Background to SOCP habitat campaign in Tripa
SOCP’s Director, Dr Ian Singleton, having studied orangutans in the peat swamps of Suaq balimbing in the 1990’s has always maintained a serious interest and concern over all three peat swamps on the west coast of Aceh, namely those of Singkil, Kluet (where the Suaq Balimbing research station is located) and Tripa.
Indeed, since orangutans in the peat swamps possess a unique tool use culture , and as these swamps harbor the highest densities of orangutans in the world, Ian often describes them as the “orangutan capital of the world”!
However, during the 1990’s most of the Tripa swamp was handed out to oil palm concessions. Some of these cleared most of their forests, whilst others cleared on a small part. Some also planted their cleared areas, whilst others planted only a fraction. Then in 1999, hostilities between the Aceh Seperatist movement and the central Jakarta Government escalated, and the province descended into a violent armed conflict for the next several years. During this time, the palm oil companies ceased operations and their concessions were left virtually abandoned. So much so, that when Ian was finally able to get into Tripa again, in January 2005, just after the devastating 2004 tsunami, he found that forests were alreay regenerating naturally on large areas of the concessions.
The SOCP then decided to try its best to prevent a resumption for the companies activities in Tripa, seeing that the area had a second chance for recovery and played a cricuial role in protecting the areas people from the worst impacts of the tsunami. We pushed hard for several years to get support from both provincial and national governments to relocate the concessions and protect Tripa. But ultimately it did not succeed and most of the companies resumed work once again, tidying up already cleared and planted areas and clearing more forests.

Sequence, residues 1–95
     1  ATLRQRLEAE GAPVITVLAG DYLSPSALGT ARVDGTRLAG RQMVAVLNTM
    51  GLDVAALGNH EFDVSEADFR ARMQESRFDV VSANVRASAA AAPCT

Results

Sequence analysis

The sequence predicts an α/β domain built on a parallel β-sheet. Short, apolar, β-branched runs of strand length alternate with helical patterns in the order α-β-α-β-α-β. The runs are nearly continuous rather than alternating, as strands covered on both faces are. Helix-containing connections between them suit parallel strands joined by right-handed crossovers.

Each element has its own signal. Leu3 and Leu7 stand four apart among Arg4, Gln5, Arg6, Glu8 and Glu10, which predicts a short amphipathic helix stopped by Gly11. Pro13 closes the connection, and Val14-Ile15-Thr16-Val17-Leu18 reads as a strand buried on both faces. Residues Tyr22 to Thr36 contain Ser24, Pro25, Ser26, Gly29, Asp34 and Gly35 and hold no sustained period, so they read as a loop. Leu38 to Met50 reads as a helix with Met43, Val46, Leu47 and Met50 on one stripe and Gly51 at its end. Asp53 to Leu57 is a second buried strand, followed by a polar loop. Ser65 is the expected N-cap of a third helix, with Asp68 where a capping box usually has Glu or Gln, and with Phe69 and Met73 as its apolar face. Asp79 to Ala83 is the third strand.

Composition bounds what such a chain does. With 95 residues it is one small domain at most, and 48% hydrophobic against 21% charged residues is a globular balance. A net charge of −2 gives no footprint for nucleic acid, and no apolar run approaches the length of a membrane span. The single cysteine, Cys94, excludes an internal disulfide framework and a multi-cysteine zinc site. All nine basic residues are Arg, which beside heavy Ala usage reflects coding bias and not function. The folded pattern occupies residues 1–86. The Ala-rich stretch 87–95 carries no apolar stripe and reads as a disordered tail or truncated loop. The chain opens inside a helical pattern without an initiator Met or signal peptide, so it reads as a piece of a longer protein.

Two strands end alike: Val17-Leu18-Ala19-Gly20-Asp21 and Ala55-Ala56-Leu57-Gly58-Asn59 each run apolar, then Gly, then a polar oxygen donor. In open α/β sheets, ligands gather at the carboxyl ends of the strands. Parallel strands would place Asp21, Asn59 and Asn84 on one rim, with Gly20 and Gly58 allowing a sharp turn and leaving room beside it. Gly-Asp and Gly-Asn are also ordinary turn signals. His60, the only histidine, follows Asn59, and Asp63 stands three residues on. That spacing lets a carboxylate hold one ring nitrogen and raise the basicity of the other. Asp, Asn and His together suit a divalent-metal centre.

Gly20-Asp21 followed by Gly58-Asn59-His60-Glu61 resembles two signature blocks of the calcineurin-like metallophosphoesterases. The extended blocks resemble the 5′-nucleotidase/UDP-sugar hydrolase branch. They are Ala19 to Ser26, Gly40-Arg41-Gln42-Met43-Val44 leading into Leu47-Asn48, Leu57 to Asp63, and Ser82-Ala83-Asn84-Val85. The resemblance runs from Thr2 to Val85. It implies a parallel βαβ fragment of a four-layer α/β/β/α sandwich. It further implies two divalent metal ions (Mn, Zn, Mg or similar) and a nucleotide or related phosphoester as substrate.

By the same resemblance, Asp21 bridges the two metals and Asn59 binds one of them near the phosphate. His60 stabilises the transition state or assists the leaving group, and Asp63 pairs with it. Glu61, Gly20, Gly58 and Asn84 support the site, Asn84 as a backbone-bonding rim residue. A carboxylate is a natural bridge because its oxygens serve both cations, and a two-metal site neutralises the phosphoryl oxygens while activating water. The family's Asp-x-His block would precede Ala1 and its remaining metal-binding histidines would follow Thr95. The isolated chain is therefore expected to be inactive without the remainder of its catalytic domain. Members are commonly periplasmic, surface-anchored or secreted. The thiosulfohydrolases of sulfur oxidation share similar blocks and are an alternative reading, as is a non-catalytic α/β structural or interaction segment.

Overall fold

Then in August 2011, a new concession was granted to a company called PT Kallista Alam in Tripa by the then Governor of Aceh, Irwandi Yusuf. This concession was clearly illegal, since the Leuser Ecosystem was by then a National Strategic Area for environmental protection and a moratorium by Indonesia’s president banned new concessions in primary forests and peatlands. Local communities in Tripa then filed a report to the National police in Jakarta, and local environmental group WALHI Aceh, took the Governor to court for issuing an illegal permit. The WALHI case was pusued in Banda Aceh and Medan, and eventually led to the new Governor of Aceh cancelling the permit, after the Medan courts found it was indeed illegal.
Not long after the court cases were first filed, in March 2012, huge deliberately set fires raged through concessions owned by PT Kalista Alam and one next to it belonging to PT Surya Panen Subur II (PTSPS2). These fires received massive national and international attention, largely as a result of campaigns led by SOCP and partners, especially WALHI. This was so successful that now both PT Kallista Alam and PT SPS2 are being challenged in court by the Indonesian Government’s own Ministry of Environment.
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